Number, please?


At a recent meeting of the Geneva Street Think Tank, a matter of the brain came up. Somebody mentioned that they had seen a story about adding memory to the brain, or something. That led to a “what if” proposition. You’ve heard of these people who remember everything. There was a story about these people the other night on TV. Ask them what they were doing April 14, 1931 and they can tell you, right then. Suppose a tiny computer the size of a pin head could be stuck inside your cranium, a device that knew … everything, a regular Google right in there. Ask you any question and it would know the answer. Spit it out immediately!
Law me! There’d be no need for books or formulas or math or chemistry studying. It would all be there in your brain. Turn it on just as you would a water tap. No need for school. You’d know everything about everything. I think we’re headed in that direction. Only thing is, somebody’s still got to learn how to install these little devices. Ah, that will all be in there, too. Then, when you called somebody a pin head it would be a true description, not an insult.
They’re working on it, I’ll bet you. Then, maybe I could remember my brother’s telephone number. And speaking of telephones, have we made any progress? Now, it takes 11 numbers to call that brother. Eleven. I’ve almost memorized his, but no one else’s. Too much!
On our 20 family party line, everybody had a “ring.” Ours was a long and a short. Aunt Lessie’s was two longs, and so on. Everybody knew everybody’s ring and, if you wanted to know what was going on at Uncle Kent’s (five shorts) just listen when you heard that ring. Listening in was not frowned upon, it was expected. Butt in if you liked. And one “long” ring was a call to the exchange in town. You surely listened in then. It must be a call to the doctor or to the horse doctor.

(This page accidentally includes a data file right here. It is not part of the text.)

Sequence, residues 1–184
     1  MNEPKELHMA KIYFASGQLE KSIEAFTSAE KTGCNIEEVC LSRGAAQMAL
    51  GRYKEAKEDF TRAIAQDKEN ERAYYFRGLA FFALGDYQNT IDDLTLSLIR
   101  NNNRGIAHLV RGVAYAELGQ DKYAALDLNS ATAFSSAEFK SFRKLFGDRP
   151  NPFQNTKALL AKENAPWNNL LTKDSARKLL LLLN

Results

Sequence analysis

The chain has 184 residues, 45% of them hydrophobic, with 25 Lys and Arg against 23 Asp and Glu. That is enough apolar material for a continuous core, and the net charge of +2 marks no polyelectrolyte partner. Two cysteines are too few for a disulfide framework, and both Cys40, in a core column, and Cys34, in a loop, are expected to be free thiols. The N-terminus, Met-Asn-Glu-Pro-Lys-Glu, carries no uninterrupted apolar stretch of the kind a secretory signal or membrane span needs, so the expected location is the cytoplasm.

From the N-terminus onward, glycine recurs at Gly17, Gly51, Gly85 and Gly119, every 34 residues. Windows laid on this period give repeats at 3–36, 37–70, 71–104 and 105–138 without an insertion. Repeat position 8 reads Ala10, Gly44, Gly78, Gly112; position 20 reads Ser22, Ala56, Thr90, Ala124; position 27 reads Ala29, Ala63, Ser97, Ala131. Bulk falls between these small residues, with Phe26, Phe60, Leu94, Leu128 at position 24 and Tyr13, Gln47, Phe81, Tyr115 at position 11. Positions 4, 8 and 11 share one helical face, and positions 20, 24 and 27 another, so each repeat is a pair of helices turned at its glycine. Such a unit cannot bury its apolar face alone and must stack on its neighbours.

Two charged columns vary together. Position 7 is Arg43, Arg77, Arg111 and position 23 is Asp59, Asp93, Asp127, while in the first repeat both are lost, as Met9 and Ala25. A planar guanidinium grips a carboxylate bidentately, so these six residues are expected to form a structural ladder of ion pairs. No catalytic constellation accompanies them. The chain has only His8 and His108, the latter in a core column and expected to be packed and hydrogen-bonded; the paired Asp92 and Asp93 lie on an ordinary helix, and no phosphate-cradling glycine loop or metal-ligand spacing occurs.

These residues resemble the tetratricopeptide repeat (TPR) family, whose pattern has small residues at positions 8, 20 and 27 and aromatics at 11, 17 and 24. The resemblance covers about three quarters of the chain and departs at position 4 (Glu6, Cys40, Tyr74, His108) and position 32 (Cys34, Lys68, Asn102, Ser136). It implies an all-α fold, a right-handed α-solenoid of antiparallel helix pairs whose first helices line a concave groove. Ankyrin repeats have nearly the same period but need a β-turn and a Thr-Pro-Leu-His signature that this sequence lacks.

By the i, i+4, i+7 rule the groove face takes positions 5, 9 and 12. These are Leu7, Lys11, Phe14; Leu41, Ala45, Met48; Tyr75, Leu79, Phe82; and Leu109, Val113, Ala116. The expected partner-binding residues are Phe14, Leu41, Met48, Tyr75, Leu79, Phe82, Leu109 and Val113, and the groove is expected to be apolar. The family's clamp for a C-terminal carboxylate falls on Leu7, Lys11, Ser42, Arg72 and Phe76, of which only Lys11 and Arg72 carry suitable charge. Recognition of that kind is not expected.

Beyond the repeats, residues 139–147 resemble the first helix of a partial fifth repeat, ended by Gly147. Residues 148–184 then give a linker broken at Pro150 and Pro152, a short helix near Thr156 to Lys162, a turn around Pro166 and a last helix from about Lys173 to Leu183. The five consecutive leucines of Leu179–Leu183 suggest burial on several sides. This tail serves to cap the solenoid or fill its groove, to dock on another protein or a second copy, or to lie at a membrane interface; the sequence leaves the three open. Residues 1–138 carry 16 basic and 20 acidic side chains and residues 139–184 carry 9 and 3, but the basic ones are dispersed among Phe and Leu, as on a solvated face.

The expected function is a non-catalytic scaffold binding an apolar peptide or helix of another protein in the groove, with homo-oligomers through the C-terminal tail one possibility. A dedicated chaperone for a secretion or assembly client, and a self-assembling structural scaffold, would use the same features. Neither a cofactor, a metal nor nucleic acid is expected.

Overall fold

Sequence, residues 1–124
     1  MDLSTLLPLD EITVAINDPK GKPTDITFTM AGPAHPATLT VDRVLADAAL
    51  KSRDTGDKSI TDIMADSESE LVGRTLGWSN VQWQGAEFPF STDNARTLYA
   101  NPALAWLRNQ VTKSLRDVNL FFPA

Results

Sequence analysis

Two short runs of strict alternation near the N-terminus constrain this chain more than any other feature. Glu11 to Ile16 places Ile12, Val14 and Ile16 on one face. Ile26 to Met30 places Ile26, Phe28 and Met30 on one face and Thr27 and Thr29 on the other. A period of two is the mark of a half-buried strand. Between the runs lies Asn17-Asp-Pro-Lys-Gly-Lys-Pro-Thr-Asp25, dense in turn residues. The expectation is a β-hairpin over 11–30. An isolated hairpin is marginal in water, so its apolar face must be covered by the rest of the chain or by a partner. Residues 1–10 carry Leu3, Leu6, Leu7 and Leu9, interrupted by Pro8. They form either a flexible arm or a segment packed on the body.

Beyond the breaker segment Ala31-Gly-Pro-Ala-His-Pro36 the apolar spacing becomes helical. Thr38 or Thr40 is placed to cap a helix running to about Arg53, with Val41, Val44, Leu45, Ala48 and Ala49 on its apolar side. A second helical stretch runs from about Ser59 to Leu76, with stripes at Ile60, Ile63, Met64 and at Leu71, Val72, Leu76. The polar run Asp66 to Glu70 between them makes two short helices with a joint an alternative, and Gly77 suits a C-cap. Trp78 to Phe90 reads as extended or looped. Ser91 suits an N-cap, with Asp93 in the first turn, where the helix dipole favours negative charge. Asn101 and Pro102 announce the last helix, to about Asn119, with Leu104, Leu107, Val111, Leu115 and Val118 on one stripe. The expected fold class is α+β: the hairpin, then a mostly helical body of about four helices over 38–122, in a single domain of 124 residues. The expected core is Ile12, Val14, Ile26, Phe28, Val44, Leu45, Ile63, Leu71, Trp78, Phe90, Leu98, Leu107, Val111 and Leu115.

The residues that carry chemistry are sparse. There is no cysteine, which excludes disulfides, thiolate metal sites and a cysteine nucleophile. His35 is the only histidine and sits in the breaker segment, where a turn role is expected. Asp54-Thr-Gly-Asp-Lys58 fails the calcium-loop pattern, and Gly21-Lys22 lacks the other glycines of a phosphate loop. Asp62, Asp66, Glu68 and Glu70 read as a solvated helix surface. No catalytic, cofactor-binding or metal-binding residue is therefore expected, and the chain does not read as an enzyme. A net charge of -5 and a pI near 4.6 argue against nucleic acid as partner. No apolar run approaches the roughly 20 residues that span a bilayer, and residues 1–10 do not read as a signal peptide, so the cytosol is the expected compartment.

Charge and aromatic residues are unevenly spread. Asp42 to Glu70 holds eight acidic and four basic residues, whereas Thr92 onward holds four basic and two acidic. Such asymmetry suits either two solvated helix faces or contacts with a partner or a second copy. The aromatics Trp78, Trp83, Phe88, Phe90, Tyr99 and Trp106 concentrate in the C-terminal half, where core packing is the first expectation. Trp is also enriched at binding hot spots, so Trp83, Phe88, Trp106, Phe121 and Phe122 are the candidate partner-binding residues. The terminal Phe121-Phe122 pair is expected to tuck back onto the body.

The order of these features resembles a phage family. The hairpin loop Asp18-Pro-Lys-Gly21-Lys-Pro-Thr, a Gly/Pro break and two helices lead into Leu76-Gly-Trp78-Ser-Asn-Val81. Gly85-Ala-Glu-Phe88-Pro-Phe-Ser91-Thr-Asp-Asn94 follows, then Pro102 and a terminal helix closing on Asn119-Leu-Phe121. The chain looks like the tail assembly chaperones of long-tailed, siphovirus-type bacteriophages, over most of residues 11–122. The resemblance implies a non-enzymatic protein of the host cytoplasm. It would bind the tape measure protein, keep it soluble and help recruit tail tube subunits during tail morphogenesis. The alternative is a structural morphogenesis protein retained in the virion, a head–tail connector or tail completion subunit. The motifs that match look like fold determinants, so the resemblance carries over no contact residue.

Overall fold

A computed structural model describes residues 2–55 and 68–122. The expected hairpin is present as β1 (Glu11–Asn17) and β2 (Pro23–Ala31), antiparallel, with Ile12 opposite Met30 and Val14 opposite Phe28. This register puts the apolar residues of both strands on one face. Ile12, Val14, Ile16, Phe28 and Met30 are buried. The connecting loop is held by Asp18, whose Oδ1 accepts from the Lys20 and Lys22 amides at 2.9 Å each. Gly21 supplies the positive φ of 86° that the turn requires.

And even in a later period, Auburn telephone numbers were TU (for tuxedo) and four digits; Opelika’s were SH (for Sherwood) plus four digits. So much simpler: “Operator, give me Sherwood-so and so.” It’s obvious to me that some changes need to be made. Well, maybe that’s the trouble: too many changes have already been made.
Get it straightened out, you pin head. Look, I’ve got this terrible pain in my back… but, let’s see. I already have the cure right in my head, don’t I?
Bob Sanders is a veteran local radio personality, columnist, author and raconteur of note. He can be reached at


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